An abandoned whaling station on an active volcano offers hot springs in Antarctica, surrounded by ruined giants of industry.
Deception Island has been covered and then deserted by many, and the dilapidated shells of buildings, boats, and whaling equipment remain as proof of its productive years as a Norwegian-Chilean whaling station as well as the home of several scientific stations run by Chile, Argentina, Spain, and the United Kingdom.
The thing is, building and operating expensive equipment on an active volcano is risky business, even if the area is considered one of the safest harbors on the continent due to its large caldera, a famous refuge from storms and icebergs. While several countries were bickering over sovereign flags and attempting to occupy the lusted-after real estate in the 1960s, the island had apparently had enough and kicked everyone off. Erupting twice in two years, it demolished research centers and buried everything left behind in ash, including a cemetery occupied by 45 deceased whalers and a long-deserted aircraft hangar.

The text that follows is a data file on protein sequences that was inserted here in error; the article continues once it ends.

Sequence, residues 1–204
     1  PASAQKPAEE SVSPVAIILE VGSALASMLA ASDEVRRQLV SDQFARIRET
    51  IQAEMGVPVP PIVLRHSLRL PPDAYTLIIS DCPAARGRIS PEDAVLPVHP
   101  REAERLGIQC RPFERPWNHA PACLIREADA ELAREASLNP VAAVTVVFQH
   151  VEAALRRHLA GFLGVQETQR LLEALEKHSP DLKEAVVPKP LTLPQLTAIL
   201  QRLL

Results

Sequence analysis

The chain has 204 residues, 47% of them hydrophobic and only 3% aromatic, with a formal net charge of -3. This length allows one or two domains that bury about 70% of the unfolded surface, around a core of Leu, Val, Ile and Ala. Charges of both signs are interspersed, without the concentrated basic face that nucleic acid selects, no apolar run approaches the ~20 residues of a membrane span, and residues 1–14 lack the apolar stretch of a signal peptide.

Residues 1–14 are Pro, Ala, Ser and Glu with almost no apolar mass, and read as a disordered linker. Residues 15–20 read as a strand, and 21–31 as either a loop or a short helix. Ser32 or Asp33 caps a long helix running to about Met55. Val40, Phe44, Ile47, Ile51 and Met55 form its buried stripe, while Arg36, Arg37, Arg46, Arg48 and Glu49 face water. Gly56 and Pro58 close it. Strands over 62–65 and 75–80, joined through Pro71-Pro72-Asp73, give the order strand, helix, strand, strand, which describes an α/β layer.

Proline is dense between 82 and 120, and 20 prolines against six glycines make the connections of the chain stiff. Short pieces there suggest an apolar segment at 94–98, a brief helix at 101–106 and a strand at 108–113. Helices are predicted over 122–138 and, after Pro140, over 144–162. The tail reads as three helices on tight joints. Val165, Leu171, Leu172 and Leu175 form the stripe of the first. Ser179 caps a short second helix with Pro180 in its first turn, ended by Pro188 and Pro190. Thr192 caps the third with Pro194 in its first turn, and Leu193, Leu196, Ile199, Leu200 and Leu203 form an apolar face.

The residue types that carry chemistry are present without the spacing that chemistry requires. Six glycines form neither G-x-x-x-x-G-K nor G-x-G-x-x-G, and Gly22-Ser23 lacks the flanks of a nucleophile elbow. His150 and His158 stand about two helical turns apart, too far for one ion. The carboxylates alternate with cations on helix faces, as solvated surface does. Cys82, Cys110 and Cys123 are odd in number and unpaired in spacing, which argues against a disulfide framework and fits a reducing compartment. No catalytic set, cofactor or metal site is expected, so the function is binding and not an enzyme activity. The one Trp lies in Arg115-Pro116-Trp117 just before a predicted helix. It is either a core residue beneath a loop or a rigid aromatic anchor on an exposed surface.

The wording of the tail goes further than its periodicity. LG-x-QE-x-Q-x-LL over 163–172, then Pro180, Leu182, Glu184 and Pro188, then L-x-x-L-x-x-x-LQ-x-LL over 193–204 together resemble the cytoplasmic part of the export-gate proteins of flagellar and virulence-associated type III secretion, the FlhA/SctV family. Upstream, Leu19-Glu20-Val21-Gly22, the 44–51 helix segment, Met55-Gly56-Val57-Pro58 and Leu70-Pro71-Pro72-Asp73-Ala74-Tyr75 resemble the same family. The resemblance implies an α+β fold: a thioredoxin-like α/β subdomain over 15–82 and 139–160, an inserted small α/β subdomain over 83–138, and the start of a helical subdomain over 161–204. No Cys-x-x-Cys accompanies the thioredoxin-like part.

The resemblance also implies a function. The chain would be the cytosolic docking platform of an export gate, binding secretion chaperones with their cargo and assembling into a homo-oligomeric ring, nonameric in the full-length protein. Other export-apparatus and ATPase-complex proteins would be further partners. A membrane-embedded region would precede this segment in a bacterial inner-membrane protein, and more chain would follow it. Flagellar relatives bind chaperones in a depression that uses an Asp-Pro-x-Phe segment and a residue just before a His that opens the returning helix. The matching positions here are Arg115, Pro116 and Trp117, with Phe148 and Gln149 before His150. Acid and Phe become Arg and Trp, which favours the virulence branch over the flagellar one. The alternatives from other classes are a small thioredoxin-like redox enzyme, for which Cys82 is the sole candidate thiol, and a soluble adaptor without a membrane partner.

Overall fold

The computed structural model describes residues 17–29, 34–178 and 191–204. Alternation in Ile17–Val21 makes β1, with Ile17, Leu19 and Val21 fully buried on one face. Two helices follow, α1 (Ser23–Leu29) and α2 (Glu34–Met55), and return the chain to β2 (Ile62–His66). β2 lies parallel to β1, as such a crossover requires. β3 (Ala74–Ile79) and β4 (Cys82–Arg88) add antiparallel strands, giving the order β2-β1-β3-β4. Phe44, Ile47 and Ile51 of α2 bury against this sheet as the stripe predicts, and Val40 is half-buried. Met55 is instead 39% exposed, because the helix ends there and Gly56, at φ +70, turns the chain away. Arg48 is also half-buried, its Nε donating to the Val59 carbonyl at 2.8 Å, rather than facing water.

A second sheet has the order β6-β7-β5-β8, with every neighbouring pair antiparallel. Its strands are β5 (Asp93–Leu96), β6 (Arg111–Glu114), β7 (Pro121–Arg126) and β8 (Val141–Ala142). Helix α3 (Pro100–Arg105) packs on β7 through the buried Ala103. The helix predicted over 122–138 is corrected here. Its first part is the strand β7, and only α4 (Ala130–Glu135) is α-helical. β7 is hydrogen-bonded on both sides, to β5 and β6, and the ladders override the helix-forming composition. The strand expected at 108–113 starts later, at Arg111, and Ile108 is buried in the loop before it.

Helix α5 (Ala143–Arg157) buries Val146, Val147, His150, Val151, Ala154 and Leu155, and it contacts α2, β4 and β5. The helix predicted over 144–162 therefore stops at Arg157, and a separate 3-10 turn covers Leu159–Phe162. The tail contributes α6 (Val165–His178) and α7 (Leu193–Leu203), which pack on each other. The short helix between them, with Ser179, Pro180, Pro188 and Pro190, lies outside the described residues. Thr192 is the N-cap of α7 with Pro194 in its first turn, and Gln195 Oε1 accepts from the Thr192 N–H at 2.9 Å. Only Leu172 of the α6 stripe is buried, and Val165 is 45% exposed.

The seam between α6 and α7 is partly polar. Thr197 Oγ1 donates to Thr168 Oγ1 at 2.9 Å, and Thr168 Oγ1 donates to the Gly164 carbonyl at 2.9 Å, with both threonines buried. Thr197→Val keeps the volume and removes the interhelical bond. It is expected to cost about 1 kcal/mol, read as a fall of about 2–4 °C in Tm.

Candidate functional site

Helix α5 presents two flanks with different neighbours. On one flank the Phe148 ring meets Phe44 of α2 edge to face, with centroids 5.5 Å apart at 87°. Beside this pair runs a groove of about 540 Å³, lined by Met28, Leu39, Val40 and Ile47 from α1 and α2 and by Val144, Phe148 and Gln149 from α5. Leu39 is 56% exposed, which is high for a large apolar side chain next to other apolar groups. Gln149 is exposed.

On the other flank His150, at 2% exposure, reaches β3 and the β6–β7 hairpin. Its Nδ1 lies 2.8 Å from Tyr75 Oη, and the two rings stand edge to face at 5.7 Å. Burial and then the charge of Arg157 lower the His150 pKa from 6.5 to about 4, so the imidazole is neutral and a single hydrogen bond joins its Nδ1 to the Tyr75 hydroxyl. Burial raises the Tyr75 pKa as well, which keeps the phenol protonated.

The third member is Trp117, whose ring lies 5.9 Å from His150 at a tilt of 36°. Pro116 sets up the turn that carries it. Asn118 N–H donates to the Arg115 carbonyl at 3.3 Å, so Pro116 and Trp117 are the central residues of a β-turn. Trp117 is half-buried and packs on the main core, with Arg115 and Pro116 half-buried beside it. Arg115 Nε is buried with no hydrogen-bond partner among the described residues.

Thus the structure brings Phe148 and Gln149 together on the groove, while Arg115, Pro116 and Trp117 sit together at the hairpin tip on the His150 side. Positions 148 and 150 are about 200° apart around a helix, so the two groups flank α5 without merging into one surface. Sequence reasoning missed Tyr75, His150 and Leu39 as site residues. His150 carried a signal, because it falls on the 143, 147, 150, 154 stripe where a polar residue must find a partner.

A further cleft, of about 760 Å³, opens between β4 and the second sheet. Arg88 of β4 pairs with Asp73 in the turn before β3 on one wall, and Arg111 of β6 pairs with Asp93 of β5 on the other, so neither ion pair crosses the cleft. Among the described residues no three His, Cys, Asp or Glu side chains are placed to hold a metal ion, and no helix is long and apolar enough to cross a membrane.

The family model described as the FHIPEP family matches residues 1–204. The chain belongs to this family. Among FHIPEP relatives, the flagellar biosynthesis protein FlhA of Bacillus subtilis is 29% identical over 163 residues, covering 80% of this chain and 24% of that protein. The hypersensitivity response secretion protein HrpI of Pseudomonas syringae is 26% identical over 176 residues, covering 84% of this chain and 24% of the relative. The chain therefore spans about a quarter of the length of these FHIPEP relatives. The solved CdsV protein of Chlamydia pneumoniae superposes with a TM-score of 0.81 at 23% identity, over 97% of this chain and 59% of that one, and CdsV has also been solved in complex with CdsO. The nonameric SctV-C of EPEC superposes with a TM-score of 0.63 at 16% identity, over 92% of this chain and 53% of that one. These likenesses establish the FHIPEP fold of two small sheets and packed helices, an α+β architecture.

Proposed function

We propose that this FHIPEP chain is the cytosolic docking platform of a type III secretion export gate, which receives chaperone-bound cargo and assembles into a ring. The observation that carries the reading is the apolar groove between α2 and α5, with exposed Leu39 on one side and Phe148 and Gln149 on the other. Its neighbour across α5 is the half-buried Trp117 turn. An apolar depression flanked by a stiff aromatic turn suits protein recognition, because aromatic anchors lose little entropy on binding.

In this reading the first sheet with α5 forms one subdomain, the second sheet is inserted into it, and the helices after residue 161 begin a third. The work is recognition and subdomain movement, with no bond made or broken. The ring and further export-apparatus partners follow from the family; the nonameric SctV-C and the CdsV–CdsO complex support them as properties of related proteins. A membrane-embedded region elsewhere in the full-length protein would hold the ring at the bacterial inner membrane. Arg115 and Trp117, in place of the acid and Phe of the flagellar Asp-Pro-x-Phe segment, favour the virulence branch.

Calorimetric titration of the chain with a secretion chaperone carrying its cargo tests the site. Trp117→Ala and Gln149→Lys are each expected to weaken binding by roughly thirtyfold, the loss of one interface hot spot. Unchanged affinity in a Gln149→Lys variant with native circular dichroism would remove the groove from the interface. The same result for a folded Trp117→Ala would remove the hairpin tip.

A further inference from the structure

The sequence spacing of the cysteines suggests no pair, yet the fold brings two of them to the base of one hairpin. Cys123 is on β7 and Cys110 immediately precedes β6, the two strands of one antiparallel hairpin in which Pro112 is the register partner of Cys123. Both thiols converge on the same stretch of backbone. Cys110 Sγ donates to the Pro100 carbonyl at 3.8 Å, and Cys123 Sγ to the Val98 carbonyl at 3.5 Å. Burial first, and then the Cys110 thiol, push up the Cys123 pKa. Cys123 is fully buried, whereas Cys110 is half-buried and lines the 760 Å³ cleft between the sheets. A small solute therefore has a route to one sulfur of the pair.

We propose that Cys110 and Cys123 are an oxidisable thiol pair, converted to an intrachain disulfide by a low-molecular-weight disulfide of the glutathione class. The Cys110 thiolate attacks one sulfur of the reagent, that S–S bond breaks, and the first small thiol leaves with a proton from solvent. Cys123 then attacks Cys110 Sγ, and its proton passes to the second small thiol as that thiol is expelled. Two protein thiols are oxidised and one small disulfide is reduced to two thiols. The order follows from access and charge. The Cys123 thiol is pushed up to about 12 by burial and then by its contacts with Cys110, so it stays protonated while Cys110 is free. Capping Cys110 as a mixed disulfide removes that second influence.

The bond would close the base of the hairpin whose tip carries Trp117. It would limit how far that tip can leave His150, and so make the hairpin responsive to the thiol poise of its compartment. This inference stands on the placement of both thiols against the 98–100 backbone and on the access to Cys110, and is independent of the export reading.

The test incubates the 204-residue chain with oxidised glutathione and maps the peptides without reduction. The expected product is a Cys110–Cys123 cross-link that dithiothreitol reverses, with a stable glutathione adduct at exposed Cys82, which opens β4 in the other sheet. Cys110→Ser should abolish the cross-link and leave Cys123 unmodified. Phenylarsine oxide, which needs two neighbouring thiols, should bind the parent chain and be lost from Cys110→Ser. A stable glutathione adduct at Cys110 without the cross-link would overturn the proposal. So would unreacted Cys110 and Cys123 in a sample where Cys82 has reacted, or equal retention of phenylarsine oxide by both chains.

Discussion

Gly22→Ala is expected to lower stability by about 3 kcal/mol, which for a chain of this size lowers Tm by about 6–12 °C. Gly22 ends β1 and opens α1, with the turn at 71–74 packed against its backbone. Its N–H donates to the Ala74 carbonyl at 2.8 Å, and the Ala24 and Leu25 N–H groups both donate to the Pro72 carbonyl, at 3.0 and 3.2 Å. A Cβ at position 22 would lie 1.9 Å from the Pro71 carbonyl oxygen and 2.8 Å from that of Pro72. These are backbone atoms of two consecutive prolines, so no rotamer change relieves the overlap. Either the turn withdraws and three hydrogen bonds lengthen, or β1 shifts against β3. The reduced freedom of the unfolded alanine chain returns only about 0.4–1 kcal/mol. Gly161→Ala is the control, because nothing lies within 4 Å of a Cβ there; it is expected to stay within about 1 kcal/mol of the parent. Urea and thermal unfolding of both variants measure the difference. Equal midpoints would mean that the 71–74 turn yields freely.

The island’s use is now administered under the Antarctic Treaty System, and it is now a popular tourist attraction as well as a scientific outpost. The giant iron boilers and tanks of the long-gone whalers still stand, large holes cut in their sides as a deterrent to the Nazis, who were feared to have been planning to use them to store fuel. Chinstrap penguins roam around everywhere, as the west side is home to one of the world’s largest chinstrap rookeries.
One of the more unusual things to indulge in while visiting the island is to take advantage of the natural hot springs. Due to its geological temperament, Deception Island has a number of microclimates, which means if you can get past the biting, freezing Antarctic winds and into a volcanic bath, you can enjoy this snowy martian landscape in your swimsuit.
Know Before You Go
Head south in an icebreaker ship - turn into opening in volcanic island; moor ship, take zodiac to shore
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